In the new book Trees on Mars: Our Obsession with the Future, journalist and futurism skeptic Hal Niedzviecki sees technology product cycles as amplifying and, indeed, multiplying tensions and human anxieties. Beyond psychological effects, he points out that technology impacts communities, economies, politics and culture.
Working a similar type of critical analysis, NYU Abu Dhabi Art Gallery's (NYUAD) fall exhibition, Invisible Threads: Technology and its Discontents, examines how tensions are bubbling up in ever increasing frequency. Featuring work from 15 international artists, including Chinese artist Ai Weiwei and American artist Addie Wagenknecht, the show explores, amongst other things, how isolation versus connectedness, and privacy versus social media, are impacting individuals, communities and nation-states.
In advance of the exhibition, which runs from September 22 to December 31, co-curators Scott Fitzgerald and Bana Kattan gave The Creators Project a peek behind the curatorial process. They also answered questions about whether art fueled by technology creates its own anxieties in the process of critiquing technological culture’s psychological effects.
“We did not want to do just another art and technology show,” Kattan tells The Creators Project. “We wanted to do a show that exposes technology and our use and relationships with it. It’s more about people and their interaction with technology than it is about technology or its intersection with art.”
The Creators Project: The exhibition explores the tensions that grow out of everyday interactions with technology, from feeling isolated or connected, or being private versus being open about one’s life on social media. But what other tensions exist that informed the exhibition and were explored by the artists?
Scott Fitzgerald (SF): I think a lot of these issues come from the fact that these tools can’t respond back in a meaningful way, as perhaps a person might. If your friend does something unexpected, you can easily ask them why they did that. If your phone does something you don’t expect, you typically have no way to engage in meaningful communication with the device. This is particularly unsettling when we begin to have attachments to these objects. There’s an intimacy that comes from using an object everyday, even if it’s a piece of glass and silicon. When that device can’t return the affection, there’s a sense of frustration and un-fulfillment.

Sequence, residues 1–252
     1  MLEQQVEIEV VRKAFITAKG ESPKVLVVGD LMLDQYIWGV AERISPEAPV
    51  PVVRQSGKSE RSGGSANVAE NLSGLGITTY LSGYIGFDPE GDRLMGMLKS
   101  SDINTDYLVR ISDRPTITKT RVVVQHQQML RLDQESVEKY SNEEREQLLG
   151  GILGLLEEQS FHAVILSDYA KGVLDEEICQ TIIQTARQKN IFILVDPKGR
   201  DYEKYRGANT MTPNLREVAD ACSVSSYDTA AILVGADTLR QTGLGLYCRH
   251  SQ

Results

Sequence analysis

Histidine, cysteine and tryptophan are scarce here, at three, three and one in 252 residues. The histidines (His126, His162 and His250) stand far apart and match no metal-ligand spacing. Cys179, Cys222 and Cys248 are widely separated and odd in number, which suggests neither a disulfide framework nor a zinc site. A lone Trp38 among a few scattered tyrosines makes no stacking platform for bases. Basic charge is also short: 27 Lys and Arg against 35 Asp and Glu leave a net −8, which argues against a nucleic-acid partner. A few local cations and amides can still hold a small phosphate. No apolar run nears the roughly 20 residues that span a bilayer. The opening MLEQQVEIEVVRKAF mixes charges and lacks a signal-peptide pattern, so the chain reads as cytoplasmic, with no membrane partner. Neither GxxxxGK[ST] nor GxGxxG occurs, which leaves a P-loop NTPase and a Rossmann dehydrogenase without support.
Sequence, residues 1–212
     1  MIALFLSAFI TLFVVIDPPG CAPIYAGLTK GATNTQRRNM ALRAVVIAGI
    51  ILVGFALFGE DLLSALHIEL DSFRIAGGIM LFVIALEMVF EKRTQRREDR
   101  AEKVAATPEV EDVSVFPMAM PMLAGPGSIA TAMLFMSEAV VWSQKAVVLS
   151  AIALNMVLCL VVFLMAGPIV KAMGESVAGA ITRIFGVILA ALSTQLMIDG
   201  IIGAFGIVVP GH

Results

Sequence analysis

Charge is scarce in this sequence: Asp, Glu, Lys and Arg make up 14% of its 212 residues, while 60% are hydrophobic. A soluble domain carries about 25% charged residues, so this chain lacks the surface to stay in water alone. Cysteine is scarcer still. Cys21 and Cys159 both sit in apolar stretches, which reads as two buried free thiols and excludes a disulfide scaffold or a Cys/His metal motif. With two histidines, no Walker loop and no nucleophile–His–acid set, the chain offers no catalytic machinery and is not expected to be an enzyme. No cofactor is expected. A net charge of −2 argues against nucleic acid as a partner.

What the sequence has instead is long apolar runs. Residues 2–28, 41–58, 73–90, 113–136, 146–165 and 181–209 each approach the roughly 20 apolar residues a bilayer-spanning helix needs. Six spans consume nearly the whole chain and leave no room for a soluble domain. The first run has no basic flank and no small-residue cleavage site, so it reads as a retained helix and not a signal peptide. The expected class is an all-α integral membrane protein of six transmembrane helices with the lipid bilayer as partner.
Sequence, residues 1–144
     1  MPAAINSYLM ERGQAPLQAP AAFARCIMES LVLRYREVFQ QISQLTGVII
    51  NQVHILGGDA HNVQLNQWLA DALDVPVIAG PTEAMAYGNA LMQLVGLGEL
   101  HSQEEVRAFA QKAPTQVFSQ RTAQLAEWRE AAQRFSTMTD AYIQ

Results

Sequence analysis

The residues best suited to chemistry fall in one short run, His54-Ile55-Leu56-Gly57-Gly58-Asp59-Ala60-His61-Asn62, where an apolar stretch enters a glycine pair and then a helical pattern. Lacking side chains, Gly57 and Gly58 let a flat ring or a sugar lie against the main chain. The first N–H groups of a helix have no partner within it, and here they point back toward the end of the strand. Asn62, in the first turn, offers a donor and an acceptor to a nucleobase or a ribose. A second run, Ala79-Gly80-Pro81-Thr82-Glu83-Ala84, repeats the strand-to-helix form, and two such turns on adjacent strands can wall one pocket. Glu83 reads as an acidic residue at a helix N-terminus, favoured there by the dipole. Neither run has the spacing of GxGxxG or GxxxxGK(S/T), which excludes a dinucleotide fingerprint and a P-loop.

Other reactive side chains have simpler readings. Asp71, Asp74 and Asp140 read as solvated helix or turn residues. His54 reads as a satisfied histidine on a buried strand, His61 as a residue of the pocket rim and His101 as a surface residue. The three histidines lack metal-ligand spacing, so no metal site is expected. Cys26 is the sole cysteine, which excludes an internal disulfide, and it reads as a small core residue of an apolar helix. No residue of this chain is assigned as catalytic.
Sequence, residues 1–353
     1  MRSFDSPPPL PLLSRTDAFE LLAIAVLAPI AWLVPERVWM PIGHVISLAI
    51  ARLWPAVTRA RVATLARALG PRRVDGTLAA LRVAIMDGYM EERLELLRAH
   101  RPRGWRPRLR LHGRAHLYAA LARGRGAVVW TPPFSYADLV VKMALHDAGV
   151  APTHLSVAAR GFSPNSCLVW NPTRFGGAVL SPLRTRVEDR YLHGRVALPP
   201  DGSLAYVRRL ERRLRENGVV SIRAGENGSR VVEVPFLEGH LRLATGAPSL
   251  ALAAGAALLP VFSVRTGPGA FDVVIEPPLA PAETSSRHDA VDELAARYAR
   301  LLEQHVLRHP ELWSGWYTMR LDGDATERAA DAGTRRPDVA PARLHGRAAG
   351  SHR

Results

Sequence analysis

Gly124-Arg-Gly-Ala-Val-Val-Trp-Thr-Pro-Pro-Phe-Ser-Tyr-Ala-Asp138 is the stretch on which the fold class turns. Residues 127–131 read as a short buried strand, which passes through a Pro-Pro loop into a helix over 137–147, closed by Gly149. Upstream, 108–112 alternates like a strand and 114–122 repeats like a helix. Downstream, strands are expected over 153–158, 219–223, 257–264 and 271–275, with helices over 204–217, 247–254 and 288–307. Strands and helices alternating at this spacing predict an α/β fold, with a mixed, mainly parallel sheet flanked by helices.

We are also looking to expose the frameworks that facilitate these types of interactions. We tend to trust that these machines “just work”, even if there’s not a true understanding of the mechanisms that make them function the way they do. Works like Phillip Stearns' Chandelier for One of Many Possible Ends helps expose the background transmission of information and what sort of background information is present at all times, whether it’s natural or man-made.
Bana Kattan (BK): Personally, I find the tension between how technology exposes us and sometimes works against us, and how we can expose technology the most interesting tension explored in this exhibition. A great example of how technology can expose us in an unplanned or unexpected way is seen in Jamie Allen’s Lie Machine. Allen links a voice stress analysis machine to autobiographical audio books being read by the authors themselves. In this way, the artist uses the technology in a way that was not intended by its manufacturer. The result creates a different representation of that autobiography, and of that person, created without his or her consent—a reality and side-effect of technology.
Another great example of this is by the youngest artist in the show, Kenny Wong. His work, Squint, would even turn against him as its maker. The piece is comprised of a wall of interactive mirrors which pick up surrounding light from the gallery and shine it directly into the viewer’s eye standing across from it, both irritating us and putting us in a spotlight.
Finally, a work like Addie Wagenknecht’s XXXX.XXX exposes a part of our daily use of technology which we cannot normally see. Her 16-foot-wide sculpture revels network traffic via blinking lights, bringing to light a brief moment in time where we can actually see the piece register wifi data traveling through the air, from one inbox to another.
If technology produces tension and anxiety, do you think that art focused technology produces somehow its own tension and anxiety when viewers look at it?